Blue Crowned Conures for Sale, The Blue Crown Conure is one of the sweetest and most laid-back of the entire Conure group. Of course, individuals often dramatically vary in temperament and disposition, and much depends on how they are socialized as babies and their various human interactions. The Blue Crown Conure has proven itself to be well suited for human companionship as a good-natured pet.
Blue Crown Conures are mostly green, with dull blue coloring on the forehead, crown, cheeks, and ears. Around each eye, the bird has a ring of white featherless skin, and the breast feathers usually have yellow-green coloring. The tail feathers are green on top, maroon to red-brown on the underside.
Temperament & Behavior
Blue-crowned conures have gentle and affectionate characteristics and like to interact with their owners as much as possible. They are, however, prone to screaming loudly, which can annoy your neighbors and indeed yourself. They rarely become aggressive and are not prone to biting. If they get on the verge of aggression, taking a cue from the body language and preemptive pacification is not much of a hassle. The blue-crowned has the best talking ability among the conures. However, its efficacy is moderate at best compared to other parrot species.
Because of their playful nature, they can be easily trained to do tricks, albeit with some positive reinforcement.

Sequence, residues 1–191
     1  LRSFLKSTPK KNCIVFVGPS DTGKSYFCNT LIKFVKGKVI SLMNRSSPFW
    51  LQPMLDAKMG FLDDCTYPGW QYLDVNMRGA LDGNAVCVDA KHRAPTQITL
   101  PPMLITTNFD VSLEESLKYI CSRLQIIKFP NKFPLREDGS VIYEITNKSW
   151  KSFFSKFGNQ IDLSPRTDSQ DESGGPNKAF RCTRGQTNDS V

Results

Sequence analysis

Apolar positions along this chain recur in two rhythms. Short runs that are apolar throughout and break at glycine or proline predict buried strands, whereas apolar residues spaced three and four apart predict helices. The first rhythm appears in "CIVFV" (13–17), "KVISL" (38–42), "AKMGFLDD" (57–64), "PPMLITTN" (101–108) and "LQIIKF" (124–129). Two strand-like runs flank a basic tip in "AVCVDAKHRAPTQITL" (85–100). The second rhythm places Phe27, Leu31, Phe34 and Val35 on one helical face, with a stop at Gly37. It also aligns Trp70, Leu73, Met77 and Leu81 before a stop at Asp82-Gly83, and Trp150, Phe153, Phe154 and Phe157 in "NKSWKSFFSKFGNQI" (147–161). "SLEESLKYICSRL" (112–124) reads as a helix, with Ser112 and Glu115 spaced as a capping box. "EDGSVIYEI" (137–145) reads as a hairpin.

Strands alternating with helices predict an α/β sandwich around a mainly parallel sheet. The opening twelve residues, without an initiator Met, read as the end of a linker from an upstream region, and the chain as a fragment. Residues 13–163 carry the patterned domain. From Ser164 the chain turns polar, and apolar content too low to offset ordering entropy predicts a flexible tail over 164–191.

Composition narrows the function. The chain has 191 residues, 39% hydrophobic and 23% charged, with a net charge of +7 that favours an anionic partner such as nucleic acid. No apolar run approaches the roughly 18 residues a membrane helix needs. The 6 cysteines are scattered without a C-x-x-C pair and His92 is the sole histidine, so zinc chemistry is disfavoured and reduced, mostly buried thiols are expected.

Caring for the Blue-crowned Conure
This is not a bird you should plan to leave confined to a cage all of the time. The blue-crowned conure is a highly social bird that spends its time in a flock when in the wild. In captivity, you will need to serve the function of its flock mate.
If you are not around much during the day, a blue-crowned conure may be happier when it has another bird as a companion. It may also be happier if you leave a television or radio playing when the bird alone in the house.
Conures are unique parrots in that they like to snuggle underthings, such as a tightly woven washcloth, a soft piece of fabric, or a small blanket. It might even want a bird tent as a place to sleep.
In the wild, conures bathe daily. In captivity, they need a bath at least weekly and more often if possible. Frequent bathing will keep the feathers and skin healthy. Wet your bird under a spray mist of lukewarm water; it counts as interaction time with your pet.
Feeding Blue-crowned Conure
In the wild, blue-crowned conures typically feast on a varied diet of fresh fruits, vegetables, nuts, berries, and grains.
Conures in captivity need an equally varied diet consisting of fresh fruits, vegetable greens, and high-quality pellets. Pellets should be about 75 percent of their diet. Offer about a 1/4 cup of pellets a day and watch how much your parrot consumes. Offer more if necessary. Most conures eat about 20 percent of their body weight. Pet conures fed a high-fat diet of only seeds, and nuts often have health issues.
Offer fresh foods once or twice a day. Give them as much as they will eat. Remove the uneaten foods after the feeding period. Early morning is usually the most active meal time; these diurnal birds are generally hungry after a long night’s rest. You can also try feeding again right before dusk. Birds in the wild naturally forage for a final meal before they tuck in for the night.